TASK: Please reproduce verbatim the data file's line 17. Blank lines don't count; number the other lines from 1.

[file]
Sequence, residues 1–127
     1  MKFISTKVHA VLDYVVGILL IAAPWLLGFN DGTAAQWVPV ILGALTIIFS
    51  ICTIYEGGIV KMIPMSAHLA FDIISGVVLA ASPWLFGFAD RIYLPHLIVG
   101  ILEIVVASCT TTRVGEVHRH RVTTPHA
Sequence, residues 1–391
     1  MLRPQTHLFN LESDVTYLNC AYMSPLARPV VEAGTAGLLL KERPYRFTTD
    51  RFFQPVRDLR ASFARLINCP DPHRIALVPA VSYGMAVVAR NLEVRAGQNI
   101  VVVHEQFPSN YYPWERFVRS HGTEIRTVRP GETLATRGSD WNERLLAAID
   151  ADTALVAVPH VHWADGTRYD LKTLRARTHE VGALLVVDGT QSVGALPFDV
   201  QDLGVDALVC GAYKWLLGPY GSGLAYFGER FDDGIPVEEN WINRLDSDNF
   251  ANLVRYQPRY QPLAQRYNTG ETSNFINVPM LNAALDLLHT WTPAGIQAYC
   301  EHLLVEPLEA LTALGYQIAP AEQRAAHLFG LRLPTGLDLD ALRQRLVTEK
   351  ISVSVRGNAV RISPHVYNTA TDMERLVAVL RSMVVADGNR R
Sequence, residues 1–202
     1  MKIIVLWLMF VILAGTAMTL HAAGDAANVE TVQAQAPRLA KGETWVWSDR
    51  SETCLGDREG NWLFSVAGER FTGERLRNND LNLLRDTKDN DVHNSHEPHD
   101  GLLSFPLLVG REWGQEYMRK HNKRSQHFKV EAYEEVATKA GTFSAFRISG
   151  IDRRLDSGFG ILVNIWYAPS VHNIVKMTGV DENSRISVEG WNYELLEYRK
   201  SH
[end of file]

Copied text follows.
   101  GLLSFPLLVG REWGQEYMRK HNKRSQHFKV EAYEEVATKA GTFSAFRISG